By David Bicknell
Something unexplained appears to be happening in the contractual relationship between US federal procurers and Oracle.
As this story from InformationWeek details, the US federal government has cancelled Oracle’s services contract on the the General Services Administration’s (GSA) IT Schedule 70. The US government spent $388 million on Oracle products and services through Schedule 70 in the 2011 financial year.
The GSA is an agency that helps with procurement services for other government agencies. As part of this effort, it maintains the GSA Schedule, something akin to a collection of pre-negotiated contracts from which other agencies can use to buy goods and services.
Procurement managers from government agencies can view these agreements and make purchases from the GSA Schedule knowing that all legal obligations have been taken care of by GSA.
IT Schedule 70 is the largest and most widely used acquisition vehicle in the US federal government. Schedule 70 is an indefinite delivery indefinite quantity (IDIQ) multiple award schedule, providing direct access to products and services from over 5,000 certified industry partners.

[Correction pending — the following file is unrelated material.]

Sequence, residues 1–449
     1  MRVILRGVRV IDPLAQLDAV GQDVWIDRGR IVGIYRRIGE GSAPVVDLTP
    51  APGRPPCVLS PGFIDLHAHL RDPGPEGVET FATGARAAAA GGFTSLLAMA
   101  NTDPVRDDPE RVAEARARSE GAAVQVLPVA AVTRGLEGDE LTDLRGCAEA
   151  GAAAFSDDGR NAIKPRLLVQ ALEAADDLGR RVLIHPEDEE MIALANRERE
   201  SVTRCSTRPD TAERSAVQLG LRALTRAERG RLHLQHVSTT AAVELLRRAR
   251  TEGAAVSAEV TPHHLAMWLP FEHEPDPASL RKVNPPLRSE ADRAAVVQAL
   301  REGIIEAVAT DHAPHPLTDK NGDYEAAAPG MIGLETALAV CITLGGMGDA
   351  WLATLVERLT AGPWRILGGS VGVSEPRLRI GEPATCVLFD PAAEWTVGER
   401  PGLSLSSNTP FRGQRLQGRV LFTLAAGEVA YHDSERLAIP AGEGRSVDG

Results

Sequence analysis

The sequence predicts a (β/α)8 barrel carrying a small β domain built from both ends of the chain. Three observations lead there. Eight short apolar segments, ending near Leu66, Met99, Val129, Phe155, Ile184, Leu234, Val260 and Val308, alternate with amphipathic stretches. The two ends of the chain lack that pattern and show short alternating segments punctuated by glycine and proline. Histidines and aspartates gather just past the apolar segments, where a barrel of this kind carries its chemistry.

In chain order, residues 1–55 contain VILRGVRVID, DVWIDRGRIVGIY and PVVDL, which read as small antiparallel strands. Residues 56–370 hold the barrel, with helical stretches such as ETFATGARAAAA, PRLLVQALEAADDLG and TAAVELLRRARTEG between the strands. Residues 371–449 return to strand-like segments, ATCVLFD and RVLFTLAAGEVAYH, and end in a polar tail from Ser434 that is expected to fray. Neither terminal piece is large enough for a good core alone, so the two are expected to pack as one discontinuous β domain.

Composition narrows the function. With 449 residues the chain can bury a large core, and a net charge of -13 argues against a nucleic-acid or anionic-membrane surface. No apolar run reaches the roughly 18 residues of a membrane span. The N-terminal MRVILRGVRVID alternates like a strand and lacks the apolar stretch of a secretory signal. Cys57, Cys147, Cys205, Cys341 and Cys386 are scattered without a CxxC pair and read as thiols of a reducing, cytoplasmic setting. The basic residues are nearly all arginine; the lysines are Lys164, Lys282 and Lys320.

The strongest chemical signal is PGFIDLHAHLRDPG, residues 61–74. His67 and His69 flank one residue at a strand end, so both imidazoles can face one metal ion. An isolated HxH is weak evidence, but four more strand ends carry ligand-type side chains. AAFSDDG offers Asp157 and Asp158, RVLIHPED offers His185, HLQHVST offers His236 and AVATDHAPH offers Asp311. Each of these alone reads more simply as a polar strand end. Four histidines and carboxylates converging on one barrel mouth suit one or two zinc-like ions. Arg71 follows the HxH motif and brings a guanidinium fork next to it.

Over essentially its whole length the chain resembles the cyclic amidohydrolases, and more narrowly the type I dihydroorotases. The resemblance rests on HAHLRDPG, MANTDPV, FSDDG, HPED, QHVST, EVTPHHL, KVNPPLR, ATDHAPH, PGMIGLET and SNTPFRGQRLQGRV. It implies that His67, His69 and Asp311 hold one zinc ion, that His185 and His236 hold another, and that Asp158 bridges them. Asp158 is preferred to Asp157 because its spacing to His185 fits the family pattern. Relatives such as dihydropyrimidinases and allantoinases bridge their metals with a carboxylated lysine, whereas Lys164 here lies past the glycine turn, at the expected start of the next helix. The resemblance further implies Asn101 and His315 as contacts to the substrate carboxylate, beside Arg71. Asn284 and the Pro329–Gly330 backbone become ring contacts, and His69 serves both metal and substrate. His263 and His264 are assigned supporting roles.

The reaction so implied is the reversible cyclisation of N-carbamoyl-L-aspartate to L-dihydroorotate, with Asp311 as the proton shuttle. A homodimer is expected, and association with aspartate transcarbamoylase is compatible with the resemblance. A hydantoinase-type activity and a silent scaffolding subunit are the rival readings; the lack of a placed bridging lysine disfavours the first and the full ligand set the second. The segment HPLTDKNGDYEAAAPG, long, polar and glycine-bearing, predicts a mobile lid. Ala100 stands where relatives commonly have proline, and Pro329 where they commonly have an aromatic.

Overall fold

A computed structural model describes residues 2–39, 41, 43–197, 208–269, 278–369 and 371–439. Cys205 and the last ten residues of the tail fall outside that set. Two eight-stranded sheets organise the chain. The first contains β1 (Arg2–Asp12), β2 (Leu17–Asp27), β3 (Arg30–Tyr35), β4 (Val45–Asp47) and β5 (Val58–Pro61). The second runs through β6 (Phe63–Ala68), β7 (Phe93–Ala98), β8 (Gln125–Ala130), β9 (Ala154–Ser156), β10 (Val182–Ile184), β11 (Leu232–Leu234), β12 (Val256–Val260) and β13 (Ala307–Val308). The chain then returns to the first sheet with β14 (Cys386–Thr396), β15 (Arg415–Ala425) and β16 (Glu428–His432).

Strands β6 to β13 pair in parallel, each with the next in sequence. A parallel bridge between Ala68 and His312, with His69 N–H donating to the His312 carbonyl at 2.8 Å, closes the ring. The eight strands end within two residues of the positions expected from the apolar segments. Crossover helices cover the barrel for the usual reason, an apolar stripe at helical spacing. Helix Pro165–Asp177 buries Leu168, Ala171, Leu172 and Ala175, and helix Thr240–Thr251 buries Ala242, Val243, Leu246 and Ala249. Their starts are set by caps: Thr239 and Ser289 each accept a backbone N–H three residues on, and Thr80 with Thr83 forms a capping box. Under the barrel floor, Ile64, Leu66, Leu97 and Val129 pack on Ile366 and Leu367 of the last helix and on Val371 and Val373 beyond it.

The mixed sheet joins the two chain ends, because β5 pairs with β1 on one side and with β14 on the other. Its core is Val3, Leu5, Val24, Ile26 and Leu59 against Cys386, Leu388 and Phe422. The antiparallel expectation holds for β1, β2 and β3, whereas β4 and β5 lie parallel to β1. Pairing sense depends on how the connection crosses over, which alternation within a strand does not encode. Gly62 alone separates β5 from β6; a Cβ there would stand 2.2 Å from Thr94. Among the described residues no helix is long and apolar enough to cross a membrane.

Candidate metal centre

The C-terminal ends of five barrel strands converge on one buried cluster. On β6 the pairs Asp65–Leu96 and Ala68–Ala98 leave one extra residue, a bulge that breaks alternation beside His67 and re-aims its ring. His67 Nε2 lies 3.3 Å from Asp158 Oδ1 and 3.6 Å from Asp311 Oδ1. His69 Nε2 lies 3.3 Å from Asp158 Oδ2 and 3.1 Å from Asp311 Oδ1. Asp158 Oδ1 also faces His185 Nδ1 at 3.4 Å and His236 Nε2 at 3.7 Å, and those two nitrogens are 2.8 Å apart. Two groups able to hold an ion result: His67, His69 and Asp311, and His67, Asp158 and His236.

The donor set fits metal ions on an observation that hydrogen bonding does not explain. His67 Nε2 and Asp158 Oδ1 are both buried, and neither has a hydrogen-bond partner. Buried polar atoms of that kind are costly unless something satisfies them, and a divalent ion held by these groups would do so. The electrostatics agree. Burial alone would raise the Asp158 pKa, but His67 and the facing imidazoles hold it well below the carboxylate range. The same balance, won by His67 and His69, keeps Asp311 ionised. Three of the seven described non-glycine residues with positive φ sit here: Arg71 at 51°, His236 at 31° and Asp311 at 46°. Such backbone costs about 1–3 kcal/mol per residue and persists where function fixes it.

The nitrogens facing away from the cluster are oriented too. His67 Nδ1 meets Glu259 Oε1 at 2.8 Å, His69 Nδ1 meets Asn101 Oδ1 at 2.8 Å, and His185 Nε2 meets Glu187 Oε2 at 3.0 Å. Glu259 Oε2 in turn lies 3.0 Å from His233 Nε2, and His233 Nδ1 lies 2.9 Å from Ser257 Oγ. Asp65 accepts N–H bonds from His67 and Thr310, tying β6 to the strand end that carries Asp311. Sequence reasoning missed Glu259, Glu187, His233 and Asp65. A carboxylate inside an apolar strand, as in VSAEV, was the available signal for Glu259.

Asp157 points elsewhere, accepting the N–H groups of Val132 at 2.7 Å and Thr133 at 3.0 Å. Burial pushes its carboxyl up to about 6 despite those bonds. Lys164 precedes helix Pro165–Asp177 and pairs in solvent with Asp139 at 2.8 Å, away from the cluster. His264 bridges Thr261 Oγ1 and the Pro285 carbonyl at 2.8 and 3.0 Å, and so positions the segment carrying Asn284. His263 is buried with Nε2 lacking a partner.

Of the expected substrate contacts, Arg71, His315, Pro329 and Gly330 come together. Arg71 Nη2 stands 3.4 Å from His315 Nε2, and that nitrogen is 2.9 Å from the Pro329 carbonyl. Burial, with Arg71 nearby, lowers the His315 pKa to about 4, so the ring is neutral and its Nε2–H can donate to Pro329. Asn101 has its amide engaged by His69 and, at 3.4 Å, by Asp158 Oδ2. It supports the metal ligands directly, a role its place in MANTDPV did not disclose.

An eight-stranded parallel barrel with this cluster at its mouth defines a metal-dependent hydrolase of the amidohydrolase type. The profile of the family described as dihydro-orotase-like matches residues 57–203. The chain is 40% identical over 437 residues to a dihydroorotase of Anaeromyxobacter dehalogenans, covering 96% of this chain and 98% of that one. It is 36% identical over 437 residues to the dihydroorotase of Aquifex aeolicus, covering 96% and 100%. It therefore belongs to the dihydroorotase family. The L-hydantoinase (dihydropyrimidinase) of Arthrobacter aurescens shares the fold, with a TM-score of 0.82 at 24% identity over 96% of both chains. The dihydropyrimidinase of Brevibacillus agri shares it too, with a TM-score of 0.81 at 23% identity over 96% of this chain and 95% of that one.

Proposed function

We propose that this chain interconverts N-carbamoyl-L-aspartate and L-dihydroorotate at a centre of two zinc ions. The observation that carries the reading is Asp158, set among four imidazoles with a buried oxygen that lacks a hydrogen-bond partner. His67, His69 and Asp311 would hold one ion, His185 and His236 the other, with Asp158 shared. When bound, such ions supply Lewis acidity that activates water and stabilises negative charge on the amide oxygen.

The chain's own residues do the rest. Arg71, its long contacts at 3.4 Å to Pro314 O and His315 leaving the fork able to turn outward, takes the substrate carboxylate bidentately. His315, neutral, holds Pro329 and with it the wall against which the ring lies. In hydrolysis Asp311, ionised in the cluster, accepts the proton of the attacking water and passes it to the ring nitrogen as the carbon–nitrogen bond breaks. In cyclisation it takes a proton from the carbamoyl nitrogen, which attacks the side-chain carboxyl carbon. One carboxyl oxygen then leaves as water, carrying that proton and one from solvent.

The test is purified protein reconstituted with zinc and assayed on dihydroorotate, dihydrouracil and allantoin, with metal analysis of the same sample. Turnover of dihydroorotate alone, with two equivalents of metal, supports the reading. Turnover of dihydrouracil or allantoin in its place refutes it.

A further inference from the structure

The GSA detailed its cancellation of the Oracle contract in a tightly worded announcement on its website. There has been no further explanation for the contract cancellation and no comment to date from Oracle.
The contract cancellation has also been reported on other blogs in the US:
GSA cancels Oracle IT contract
Six months after suit between them settles, GSA ends contract with Oracle